I would have been very weepy at times. I cried an awful lot, particularly in secret as I was on my own with Reuben in the house. Other days I felt very numb. I became hugely obsessive and had obsessive thoughts about myself, Reuben and our health. I believed Reuben or I was going to die.

I used to wake every morning relieved it hadn’t happened to Reuben - not always relieved it hadn’t happened to me.

I became anxious about everything; sometimes I could not even face leaving the house. For the first year I had a fear a midwife or social worker would knock our front door and say ‘Mrs Robinson I have come to get the baby because it doesn’t actually belong to you, we made a mistake we’re going to take him to his real mum’.

I used to have his wee bag packed because I thought well if that happens that will explain the way I feel and it will be great because Reuben has a mummy that loves him, a mummy that he’s meant to be with and it will make sense of this mess I have got myself into.

By the time Reuben turned two I was really ill, I had cried many times and lay on the kitchen floor and told my husband ‘I just want to die’ - ironically that was not an option for me because I did not want Reuben to ever feel like I had made that choice because of him.

One day I was looking through the phone and could see blogs on websites which housed lots of stories of how mum’s had coped with motherhood. Their stories began to hit home because they were saying those awful things that I had hidden. I devoured them and read them over and over. It felt like there was hope in them because they seemed to be saying they also felt this way but there was a name for it.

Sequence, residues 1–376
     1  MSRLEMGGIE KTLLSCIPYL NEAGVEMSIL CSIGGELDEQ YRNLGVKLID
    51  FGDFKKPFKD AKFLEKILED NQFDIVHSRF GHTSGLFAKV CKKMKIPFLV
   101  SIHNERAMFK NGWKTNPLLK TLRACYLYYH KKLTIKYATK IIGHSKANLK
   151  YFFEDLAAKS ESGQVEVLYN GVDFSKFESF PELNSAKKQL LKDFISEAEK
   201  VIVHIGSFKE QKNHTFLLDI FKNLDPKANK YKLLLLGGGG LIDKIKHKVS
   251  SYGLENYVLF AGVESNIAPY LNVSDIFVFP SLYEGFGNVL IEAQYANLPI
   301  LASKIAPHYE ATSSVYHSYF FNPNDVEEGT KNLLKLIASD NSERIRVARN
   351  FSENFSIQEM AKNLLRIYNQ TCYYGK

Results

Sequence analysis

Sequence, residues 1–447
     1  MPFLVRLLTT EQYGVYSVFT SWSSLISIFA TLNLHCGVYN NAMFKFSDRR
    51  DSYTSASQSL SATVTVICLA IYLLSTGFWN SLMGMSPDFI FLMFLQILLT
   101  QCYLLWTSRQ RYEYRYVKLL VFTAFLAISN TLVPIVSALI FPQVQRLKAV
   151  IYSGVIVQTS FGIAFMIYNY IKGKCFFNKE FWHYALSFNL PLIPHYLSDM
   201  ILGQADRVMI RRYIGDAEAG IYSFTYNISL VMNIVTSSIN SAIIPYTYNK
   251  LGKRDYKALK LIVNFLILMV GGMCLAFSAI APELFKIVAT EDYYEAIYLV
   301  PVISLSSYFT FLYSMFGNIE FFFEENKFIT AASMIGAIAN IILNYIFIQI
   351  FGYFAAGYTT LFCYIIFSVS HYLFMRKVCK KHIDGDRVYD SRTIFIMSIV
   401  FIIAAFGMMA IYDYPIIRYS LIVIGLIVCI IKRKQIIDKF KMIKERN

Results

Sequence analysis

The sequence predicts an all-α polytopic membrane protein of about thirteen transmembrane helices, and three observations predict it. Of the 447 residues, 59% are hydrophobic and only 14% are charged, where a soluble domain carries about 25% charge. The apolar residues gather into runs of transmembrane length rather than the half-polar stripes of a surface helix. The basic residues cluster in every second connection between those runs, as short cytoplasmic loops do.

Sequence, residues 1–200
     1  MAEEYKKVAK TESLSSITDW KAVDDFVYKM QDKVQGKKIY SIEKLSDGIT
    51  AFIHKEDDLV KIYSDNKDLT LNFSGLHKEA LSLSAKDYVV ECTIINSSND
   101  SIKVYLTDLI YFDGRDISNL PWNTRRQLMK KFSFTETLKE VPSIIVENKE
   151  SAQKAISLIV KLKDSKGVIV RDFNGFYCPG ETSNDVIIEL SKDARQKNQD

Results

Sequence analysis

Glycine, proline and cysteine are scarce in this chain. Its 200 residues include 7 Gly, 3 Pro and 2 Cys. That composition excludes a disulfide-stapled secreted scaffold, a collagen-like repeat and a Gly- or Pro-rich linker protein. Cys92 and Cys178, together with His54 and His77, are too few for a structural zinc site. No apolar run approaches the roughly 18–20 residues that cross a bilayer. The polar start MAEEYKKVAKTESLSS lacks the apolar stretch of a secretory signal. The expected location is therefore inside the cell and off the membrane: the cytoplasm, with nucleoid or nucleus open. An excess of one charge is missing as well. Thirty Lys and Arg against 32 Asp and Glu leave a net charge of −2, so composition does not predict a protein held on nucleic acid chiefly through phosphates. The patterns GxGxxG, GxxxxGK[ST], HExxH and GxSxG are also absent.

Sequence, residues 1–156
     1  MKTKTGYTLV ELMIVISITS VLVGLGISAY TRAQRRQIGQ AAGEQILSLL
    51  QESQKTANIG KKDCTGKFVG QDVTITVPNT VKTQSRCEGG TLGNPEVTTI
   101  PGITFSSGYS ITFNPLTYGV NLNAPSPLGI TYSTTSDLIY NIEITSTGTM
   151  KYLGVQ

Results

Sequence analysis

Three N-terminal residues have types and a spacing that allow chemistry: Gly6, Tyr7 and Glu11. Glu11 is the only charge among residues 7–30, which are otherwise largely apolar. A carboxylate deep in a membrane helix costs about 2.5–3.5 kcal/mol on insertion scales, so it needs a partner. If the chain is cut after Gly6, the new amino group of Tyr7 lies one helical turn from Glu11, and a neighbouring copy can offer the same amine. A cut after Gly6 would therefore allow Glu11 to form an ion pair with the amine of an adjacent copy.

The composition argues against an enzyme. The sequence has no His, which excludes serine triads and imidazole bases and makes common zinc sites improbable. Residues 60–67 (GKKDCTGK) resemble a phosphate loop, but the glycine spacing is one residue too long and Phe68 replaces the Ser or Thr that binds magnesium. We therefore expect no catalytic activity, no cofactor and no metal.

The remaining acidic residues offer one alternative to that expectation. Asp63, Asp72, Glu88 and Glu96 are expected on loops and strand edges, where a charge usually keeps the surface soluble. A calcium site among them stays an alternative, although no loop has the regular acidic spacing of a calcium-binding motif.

On the Monday morning I saw a different GP, I told him my story. I told him I still struggled to believe Reuben was my baby, I knew the evidence was there but mentally I could still not comprehend that he belonged to me. He listened, and he said ‘Lindsay you have postnatal depression but you are going to be okay’ and he was true to his word. From that day I started antidepressants. He phoned the mental health team here in east Belfast and for months I was down there weekly.

I could have cried; I could have kissed him. It was instant, it was like ‘this is not my fault’ I had felt for so long that this was my fault and I felt ashamed of myself. I honestly hated myself so the minute he said there is a reason you are feeling like this I just felt like there was hope – hope I could get better and hope that this would not be my reality forever.

As the months went on I began to feel better and understand the illness, I began to learn coping mechanisms, I began to write my blog, delve into the website and now provide online support for mums and dads and all of that has been key to my recovery.

My advice to other mums is that everybody’s journey is different so yours doesn’t have to be the same as someone else’s. Make the choice that’s right for you and right for your family. Talking is key, talk about what you want to do and make a plan of how you want to get there."

Lindsay runs http://www.haveyouseenthatgirl.com.

For further advice on mental health issues in pregnancy contact Inspire by clicking here.